I plan to teach two sessions of probability to 11th grade students using a deck of cards. My classes will be next week. I have already taught them the basic notions of writing sample spaces, computing conditional probabilities and so on.

The problem is that once students get 'trained' to use conditional probability, they use it all the time and do not go back to first principles. A typical example is the question: "What is the probability that the third card drawn from a pack of cards is a queen?". The interesting thing is that my untrained 9th grade cousin could answer immediately when I actually used a pack of cards to ask her the question. So that motivated me to teach a couple of classes on probability with a simple apparatus like a deck of cards.

Presently I have the following ideas:

Let us call the question 'What is the probability that the 4th card is a queen?' as THE question.

  • Deal 5 cards face down and ask THE question.

  • Now flip the third card open and ask THE question.

  • Now flip the flipped card and shuffle the 5 cards and place them in some order face down and ask THE question.

  • Now add two extra black suit cards (tell them the cards are from a black suit) from the deck to the array of five cards and ask THE question.

  • Now tell them that I might have lied about the suit of exactly one of the cards in the previous round and then ask THE question.

Further, I plan to do the Monty Hall puzzle and Bertrand's box problem with the pack of cards. I wanted to do a basic gambler's ruin too. But I do not know how to go about it.

My question, therefore, to the community is:

1) Would you kindly suggest interesting probability questions using a deck of cards?

2) Are there interesting questions which cannot be asked using a deck of cards? If so, what simple apparatus would I need?

P.S: Buffon's needle problem would have been a good suggestion, but the students cannot appreciate continuous sample spaces as of now. That is, I would like examples from discrete sample spaces.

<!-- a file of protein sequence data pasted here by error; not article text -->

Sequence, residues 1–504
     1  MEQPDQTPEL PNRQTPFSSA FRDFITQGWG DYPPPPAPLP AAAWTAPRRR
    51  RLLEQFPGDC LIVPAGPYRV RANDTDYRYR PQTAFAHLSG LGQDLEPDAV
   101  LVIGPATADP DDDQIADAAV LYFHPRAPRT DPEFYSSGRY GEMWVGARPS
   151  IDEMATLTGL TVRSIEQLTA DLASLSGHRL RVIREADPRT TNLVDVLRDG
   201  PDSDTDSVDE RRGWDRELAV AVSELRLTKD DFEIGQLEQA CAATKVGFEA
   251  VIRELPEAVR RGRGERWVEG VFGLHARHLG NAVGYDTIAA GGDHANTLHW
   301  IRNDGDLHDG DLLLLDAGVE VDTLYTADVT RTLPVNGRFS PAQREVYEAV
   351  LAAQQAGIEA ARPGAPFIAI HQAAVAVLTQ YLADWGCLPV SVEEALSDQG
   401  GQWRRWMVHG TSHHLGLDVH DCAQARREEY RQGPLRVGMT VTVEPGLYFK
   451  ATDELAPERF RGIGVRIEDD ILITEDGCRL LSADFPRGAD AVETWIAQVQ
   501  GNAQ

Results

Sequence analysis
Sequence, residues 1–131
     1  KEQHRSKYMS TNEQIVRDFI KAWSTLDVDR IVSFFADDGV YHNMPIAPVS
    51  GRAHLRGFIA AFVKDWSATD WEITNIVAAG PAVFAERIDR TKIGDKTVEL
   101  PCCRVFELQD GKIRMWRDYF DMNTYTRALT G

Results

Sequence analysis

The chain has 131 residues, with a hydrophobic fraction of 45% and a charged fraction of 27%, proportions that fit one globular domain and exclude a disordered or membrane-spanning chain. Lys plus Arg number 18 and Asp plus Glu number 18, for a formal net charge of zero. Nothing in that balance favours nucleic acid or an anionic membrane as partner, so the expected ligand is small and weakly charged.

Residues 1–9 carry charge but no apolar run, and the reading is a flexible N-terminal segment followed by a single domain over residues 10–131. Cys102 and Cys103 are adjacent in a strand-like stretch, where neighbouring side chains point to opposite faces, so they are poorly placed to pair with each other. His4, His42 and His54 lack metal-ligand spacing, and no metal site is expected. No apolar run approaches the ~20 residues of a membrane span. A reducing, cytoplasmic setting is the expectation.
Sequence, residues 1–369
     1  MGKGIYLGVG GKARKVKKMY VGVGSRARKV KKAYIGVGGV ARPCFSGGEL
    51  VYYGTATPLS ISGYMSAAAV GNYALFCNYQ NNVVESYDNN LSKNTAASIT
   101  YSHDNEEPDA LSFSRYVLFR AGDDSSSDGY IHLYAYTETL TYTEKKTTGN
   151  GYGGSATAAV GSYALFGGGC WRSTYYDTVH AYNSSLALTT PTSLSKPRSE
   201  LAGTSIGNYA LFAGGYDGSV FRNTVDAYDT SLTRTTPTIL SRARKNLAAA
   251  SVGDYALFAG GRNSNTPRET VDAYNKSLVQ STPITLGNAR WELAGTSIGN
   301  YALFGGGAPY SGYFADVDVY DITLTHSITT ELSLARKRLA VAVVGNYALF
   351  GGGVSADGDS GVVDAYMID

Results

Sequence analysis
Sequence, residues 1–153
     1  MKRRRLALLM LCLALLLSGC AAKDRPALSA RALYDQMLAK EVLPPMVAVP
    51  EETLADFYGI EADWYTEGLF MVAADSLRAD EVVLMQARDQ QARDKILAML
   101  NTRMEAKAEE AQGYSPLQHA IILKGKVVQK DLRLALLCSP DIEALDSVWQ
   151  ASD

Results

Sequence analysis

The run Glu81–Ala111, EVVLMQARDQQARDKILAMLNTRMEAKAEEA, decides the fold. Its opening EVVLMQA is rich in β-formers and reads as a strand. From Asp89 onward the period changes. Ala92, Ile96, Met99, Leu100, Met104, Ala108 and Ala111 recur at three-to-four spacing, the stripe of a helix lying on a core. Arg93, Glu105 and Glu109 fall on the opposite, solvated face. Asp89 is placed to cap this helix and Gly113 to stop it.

Thank you :)


1 Answer 1


The version of 'Probability that 4th card is queen' that I use, is 'There are 5 chocolate chip cookies and 10 white chocolate cookies in this jar, what is the probability that the 3rd cookie that I draw out is a chocolate chip cookie?' This is not immediately obvious to be $\frac {5}{15}$. The best part is after we're done, there are cookies to eat. You could use red / green icing cookies to make it easier to see.

For the Monty Hall problem, I once ran an interesting experiment with a group of Middle School Teachers. I explained the problem to them, and there was immediate disagreement to switch or not. The next day, I asked them to position themselves in the classroom to indicate their beliefs on switching (i.e. those on the extreme left believe we should always switch, those on the extreme right believe we should never switch.)

I then ran the Monty Hall scenario, using 3 students up at the board to represent the 3 doors, gave them cards of 'Goat', 'Goat', 'Car' (pictures would be great fun). Each round, get 1 student to pick a door, I revealed a Goat, and them made him/her choose to switch or not. After several rounds, I swapped out the 3 'Door students'. This went on for half an hour.

What is interesting that you start to see a lot of movement in the classroom, as they change their minds about what to do. Their movement should be biased towards the probable outcome, so if you run it enough times, they should converge on the left side. Also, the 'Door Students' tended to have a good idea, as they are able to see who has the car/goat. While they would tend to stand on the left after retiring from their post, this information doesn't seem to get influence the decisions of the class.

Such an 'experiment' is great with well known problems that generate huge disagreement.


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